A top aide to Gov. Andrew Cuomo again criticized New York State Electric & Gas on Monday, knocking the utility for its response to Superstorm Sandy.
Howard Glaser, Cuomo’s director of state operations, said in an email Monday to Gannett’s Albany Bureau that NYSEG’s communication with the governor’s office has improved, but said its performance in restoring power has been lacking.
“They are communicating but the performance is abysmal,” Glaser said of NYSEG, adding that outages for Orange & Rockland Utilities customers are “just as big a problem if not more so.”
Last week, emails obtained by media outlets contained harsh words from Glaser to the utility’s president, criticizing the company for being unresponsive to Cuomo’s office and for “silence, darkness and an utter lack of NYSEG presence whatsoever” in northern Westchester County. Cuomo has also warned utilities that poor performance in responding to Sandy could lead the state to pull their certification in New York.
On Monday, Glaser said NYSEG did not have any of its own crews on hand to deal with downed or damaged trees. “They were entirely dependent on getting tree crews from outside resources,” he wrote.
As of 3 p.m., NYSEG had 22,832 customers without power. Orange and Rockland had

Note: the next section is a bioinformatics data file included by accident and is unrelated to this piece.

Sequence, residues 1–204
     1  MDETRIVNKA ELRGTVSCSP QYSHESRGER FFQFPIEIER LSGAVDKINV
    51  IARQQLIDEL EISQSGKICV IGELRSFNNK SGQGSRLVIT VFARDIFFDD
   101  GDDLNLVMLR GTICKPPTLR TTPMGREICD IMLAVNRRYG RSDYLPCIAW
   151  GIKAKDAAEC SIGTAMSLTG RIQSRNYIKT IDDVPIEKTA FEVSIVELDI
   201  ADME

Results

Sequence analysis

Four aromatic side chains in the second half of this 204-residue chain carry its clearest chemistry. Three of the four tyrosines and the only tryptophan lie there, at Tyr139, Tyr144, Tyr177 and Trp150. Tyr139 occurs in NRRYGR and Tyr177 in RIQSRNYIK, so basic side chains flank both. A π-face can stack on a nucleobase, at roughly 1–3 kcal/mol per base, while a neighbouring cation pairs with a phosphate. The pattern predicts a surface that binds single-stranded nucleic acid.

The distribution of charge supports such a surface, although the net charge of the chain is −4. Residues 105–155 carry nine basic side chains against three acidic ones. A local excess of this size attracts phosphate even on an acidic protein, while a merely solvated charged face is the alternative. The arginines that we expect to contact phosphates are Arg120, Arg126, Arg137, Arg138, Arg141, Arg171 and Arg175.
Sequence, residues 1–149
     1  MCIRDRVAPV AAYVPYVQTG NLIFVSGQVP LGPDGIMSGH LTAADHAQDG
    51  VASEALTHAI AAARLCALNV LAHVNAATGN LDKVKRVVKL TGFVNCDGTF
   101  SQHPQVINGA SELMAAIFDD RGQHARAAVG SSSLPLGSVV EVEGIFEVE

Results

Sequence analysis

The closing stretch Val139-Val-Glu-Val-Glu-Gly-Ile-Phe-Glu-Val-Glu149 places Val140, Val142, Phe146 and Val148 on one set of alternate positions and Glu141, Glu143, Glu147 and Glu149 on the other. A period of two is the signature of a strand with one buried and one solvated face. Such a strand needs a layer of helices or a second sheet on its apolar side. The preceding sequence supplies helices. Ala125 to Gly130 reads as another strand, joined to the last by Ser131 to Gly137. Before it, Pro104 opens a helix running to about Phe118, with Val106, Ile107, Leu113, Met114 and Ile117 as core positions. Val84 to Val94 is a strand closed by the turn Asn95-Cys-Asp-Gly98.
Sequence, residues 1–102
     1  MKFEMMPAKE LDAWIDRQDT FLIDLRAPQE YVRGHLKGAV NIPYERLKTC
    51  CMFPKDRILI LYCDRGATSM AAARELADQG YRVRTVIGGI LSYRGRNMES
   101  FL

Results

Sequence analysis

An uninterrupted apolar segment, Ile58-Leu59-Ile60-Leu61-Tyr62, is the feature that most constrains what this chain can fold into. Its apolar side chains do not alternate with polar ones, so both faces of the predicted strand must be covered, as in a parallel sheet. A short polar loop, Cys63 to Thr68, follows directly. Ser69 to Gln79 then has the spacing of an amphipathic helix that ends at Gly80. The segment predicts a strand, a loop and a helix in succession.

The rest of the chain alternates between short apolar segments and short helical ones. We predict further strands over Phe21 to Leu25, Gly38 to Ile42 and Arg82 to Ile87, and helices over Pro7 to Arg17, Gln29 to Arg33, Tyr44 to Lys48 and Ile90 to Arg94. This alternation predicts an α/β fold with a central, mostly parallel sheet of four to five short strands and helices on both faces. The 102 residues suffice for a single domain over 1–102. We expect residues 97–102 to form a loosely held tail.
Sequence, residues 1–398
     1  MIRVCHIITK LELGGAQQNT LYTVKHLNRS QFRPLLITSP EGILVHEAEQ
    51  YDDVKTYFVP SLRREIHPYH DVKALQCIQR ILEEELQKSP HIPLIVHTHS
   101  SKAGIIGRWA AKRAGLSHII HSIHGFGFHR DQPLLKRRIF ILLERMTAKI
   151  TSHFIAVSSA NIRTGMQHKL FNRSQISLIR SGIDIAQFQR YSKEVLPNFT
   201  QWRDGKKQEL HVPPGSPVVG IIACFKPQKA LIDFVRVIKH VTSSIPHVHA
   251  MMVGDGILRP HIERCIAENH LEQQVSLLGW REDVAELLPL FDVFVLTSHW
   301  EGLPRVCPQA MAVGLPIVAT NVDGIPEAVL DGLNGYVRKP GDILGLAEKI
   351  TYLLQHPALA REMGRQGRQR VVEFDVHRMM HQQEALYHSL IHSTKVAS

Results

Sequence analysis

35,384 27,544 as of 4 p.m., according to the utility.
In response, a NYSEG spokesman said the utility “shares Governor Cuomo’s concern for safe, efficient and timely restoration of power.”
“We also agree with his observation that the damage from Hurricane Sandy was unprecedented,” Clayton Ellis, the spokesman, wrote in an email. He said “it’s industry standard as well as a best practice to contract for vegetation management services.”
Ellis said NYSEG has restored 77 percent of its customers who lost power in Westchester, Putnam and Dutchess counties, as well as 84 percent of its customers in Sullivan, Orange, Delaware and Ulster counties. He said 550 line and tree crews are on the job from all over the country, as well as Nova Scotia.
“We expect to restore service to the vast majority of customers who are without power by midnight Wednesday,” Ellis said.
Michael Donovan, a spokesman for Orange & Rockland, said two representatives from the state Public Service Commission—which regulates the state’s utilities—have been present for “update meetings” each morning.
“We are on the same page as Governor Cuomo: we are pulling out all the stops to work as hard as possible to get all out customers back in power as quickly as possible,” Donovan said.
Glaser also said expressed concern about Consolidated Edison, which supplies power to much of southern Westchester County.
In addition, we are concerned that (Con Ed) has not been focused enough on the entire region,” he wrote.